Resource: Senate Judiciary Committee Testimony on Best Practices for Incarceration and Detention During COVID-19

The Senate Judiciary Committee is holding a hearing today, June 2, to examine best practices for incarceration and detention in the time of COVID-19.

Particularly noteworthy is the Joint Testimony of two BOP officials: Michael D. Carvajal, Director of BOP, and Dr. Jeffery Allen, the BOP’s Medical Director.  Much of the testimony addresses the criticism of BOP’s pandemic response, which Carvajal and Allen claim has “been based on misinformation” about how BOP is actually handling things.

Take a close look at the last section, addressing how the BOP is handling home confinement:

“As the pandemic grew more widespread, the Bureau began aggressively screening the inmate population for inmates who were appropriate for transfer to RRC or Home Confinement for service of the remainder of their sentences. On March 26, 2020 and April 3, 2020, Attorney General Barr issued memoranda to the Bureau directing us to increase the use of Home Confinement, particularly at institutions that were markedly affected by COVID-19, for vulnerable inmates. The CARES Act, signed by President Trump on March 27, 2020, further expanded our ability to place inmates on Home Confinement by lifting the statutory limitations contained in Title 18 U.S.C. § 3624(c)(2) during the course of the pandemic. I am pleased to note that we currently have 6,120 inmates in RRC and 6,398 on Home Confinement. This is an 124% increase in HC from March 26, 2020. There are an additional 985 who are scheduled to transfer to Home Confinement in the coming weeks. While we continue to make robust strides in these placements to reduce risk of spread to the inmate population and staff, public health and safety must remain our highest priority. The Attorney General has issued guidance as to which inmates should be considered for home confinement. Staff are conducting individualized assessments to ensure inmates are appropriate for community placement both from a public safety perspective and given their own specific needs and circumstances. Additionally, we must ensure inmates who release to Home Confinement have a viable residence in which to reside.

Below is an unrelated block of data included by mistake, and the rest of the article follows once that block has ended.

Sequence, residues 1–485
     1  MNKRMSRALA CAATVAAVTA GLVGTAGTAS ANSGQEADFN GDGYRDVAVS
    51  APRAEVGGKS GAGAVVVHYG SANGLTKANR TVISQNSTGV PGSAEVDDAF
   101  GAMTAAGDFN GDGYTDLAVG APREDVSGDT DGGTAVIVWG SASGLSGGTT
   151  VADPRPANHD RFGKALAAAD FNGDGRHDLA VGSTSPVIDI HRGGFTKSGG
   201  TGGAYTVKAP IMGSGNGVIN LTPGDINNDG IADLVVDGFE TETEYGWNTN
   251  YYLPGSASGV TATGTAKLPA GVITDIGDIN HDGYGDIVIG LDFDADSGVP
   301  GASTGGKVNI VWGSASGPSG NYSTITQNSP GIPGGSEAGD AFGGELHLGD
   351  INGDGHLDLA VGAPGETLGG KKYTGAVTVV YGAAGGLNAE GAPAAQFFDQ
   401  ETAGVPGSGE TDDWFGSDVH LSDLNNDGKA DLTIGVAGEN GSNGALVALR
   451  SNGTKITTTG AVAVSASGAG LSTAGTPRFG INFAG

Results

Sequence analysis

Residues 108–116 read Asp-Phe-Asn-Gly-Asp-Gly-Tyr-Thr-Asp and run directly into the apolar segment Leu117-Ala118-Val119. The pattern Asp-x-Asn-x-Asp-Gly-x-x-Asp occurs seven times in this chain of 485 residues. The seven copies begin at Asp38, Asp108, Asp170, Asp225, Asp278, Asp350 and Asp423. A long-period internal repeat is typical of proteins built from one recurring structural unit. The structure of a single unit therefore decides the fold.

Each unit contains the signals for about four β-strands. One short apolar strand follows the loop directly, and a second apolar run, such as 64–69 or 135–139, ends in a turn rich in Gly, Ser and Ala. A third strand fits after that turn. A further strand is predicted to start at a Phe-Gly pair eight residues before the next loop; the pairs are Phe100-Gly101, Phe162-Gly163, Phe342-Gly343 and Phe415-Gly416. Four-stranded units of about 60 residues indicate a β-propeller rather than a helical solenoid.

It should go without saying that while we are dedicated to the protection of our inmates’ health and safety, we also have to consider—as the Attorney General’s guidance emphasized—that inmates who presented a risk of public safety because of their criminal acts or other factors cannot be released. Neither can we release inmates who would be worse off outside Bureau facilities than inside, such as those whose medical conditions could not be adequately cared for by health systems that are themselves overwhelmed by the response to COVID infections in the general community. Nor can we release inmates who do not have safe housing for themselves or housing that is not subject to appropriate safeguards for home confinement, which is still, after all, a form of incarceration for persons convicted of crimes whereby such persons are still serving a federal sentence.”

 

 

 

 

Practice Tip: Data-Driven Filings in the Time of COVID-19

As we make release arguments in light of COVID-19, consider using data visualizations in your filings to advance the cause.

Check out the charts and graphs developed, and updated daily, by The Federal Defenders of New York, using data from the BOP’s website:  www.bop.gov/coronavirus

But there is good reason to believe the numbers reported by the BOP understate the actual number of tested-positive cases. When using BOP data, make sure to keep in mind that just because a facility isn’t listed on the BOP website does not mean there are no presumptive positive or clinically confirmed cases in that facility.

The Prison Policy Initiative is aggregating information about the criminal justice system and COVID-19.

Other sources of COVID-19 data and statistics can be found here. This is a website maintained by Johns Hopkins University Center for Systems Science and Engineering; they are tracking the COVID-19 spread in real time on an interactive dashboard with data available for download.

The Centers for Disease Control and Prevention also provides daily updates on the cumulative numbers of COVID-19 cases in the United States.

Data about COVID-19 cases in Colorado is updated daily by the Department of Health.

 

News You Can Use: Recent developments in home confinement in the age of COVID-19

The number of positive-COVID-19 cases in the BOP continues to rise.

As of this morning the BOP reports  138 inmates and 59 staff have tested positive for the virus. The BOP updates this data every afternoon.